def use_some_resource
  r = get_some_resource_somewhere
  yield(r)
  r.close
end

use_some_resource{|r|
  r.do_something_with_it
}

And then it's closed as soon as it's not needed anymore. You could that way return the object to the pool, for instance.

It's interesting how Perl can be "deterministic", though. Is Perl 6 going to be "deterministic" still? Like people have shown, many languages prefer to act at such things at the best times, to do things in batch, rather than to do things always incrementally.

Anyway, if you are going to access external extensions from a high level language, Ruby is a very good option, as it makes 90% of the process automatic:
http://www.onlamp.com/pub/a/onlamp/2004/11/18/extending_ruby.html
http://www.rubycentral.com/book/ext_ruby.html
Lostacular
Wednesday, March 22, 2006
 
 
Thanks for all the responses so far.  I should probably clarify that he's really pining for C++ style "when it falls out of scope the destructor is called" style cleanup code.  Memory management is not a concern at the moment, so we're not trying to combine the two, we just want a deterministic way of calling cleanup code.
A. Skeptic Send private email
Wednesday, March 22, 2006
 
 
"99 times out of ten (as an old lead used to say), you don't care when an object is finalized, so it's fair to say that if you DO care, explicitly calling "Dispose()" is not a huge burden."

It is a huge burden if you want to write correct code. Cleaning up properly without the help of something like C++'s RAII idiom or C#'s "using" is not trivial.
sloop
Wednesday, March 22, 2006
 
 
"You can't do RAII in Python."

Huh?  I already posted exactly how you can do just that.

Here's a concrete example. 

/crosses fingers that the forum doesn't de-format it

import socket
class Foo:
    def __init__(self):
        self.sock = socket.socket(socket.AF_INET, socket.SOCK_DGRAM)
    def __del__(self):
        self.sock.close()
Jonathan Ellis
Wednesday, March 22, 2006
 
 
... when an instance of Foo goes out of scope, its socket will be closed cleanly.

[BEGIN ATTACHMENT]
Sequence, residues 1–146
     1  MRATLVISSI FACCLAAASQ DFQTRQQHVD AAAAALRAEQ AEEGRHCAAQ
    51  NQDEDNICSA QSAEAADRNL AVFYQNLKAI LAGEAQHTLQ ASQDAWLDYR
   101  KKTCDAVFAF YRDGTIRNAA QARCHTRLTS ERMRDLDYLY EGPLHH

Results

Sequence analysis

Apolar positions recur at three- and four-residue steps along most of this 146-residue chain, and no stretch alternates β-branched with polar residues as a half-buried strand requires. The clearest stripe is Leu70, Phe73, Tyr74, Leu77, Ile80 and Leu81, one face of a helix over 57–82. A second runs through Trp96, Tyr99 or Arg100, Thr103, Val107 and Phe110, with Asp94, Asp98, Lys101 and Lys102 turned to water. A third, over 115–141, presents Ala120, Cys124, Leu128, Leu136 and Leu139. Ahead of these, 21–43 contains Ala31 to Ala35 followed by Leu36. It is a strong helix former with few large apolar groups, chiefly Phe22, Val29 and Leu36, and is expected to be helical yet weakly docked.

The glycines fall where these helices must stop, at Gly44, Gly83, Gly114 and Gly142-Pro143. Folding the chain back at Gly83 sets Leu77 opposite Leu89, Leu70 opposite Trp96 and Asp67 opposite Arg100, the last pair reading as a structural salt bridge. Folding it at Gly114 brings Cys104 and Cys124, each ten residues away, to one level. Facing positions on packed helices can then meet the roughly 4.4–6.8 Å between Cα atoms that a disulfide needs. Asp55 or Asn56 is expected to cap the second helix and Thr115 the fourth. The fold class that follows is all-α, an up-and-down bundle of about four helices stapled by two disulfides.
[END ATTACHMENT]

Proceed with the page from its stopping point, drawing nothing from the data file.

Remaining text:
Jonathan Ellis
Wednesday, March 22, 2006
 
 
... and yes, that's CPython-dependant, but if you think the OP or anyone else who says "Python" without qualification doesn't mean CPython, you're a fool. :)
Jonathan Ellis
Wednesday, March 22, 2006
 
 
Please do not confuse memory management with other resource management. The correct technique to release DB resources is to use RAII (either in the form of C++ local objects or "finally" declarations). Memory management is a totally different beast.
Achilleas Margaritis Send private email
Thursday, March 23, 2006
 
 
Jonathan,

The thing is you're assuming that there's only one reference to the Foo class.  Calling 'del x' doesn't guarantee that the __del__ method is called.  That happens when the reference count = 0, which may not happen when you expect.
Grant
Thursday, March 23, 2006
 
 
"The thing is you're assuming that there's only one reference to the Foo class.  Calling 'del x' doesn't guarantee that the __del__ method is called.  That happens when the reference count = 0, which may not happen when you expect."

Why does this matter? This should be no different than a pointer in C or C++, you need to make sure nobody else is using it before you delete it.
sloop
Thursday, March 23, 2006
 
 
Actually, you could know how many client objects point to a target object.  Just wrap it in a container.  Or, use weak references.  Or, both.

This problem is no reason to switch languages, IMO.
oh, the pain
Thursday, March 23, 2006
 
 
The standard java way to do this is with close or dispose methods. You can write unit tests using mock connections which test that they are getting closed everywhere.

You also can reduce the amount of cleanup code by using an approach like Springs JDBC support: You write classes which just set up the query and handle a resultset they are given, and the framework takes care of opening and closing everything for you.
Asd
Friday, March 24, 2006
 
 

This topic is archived. No further replies will be accepted.

Other recent topics Other recent topics
 
Powered by FogBugz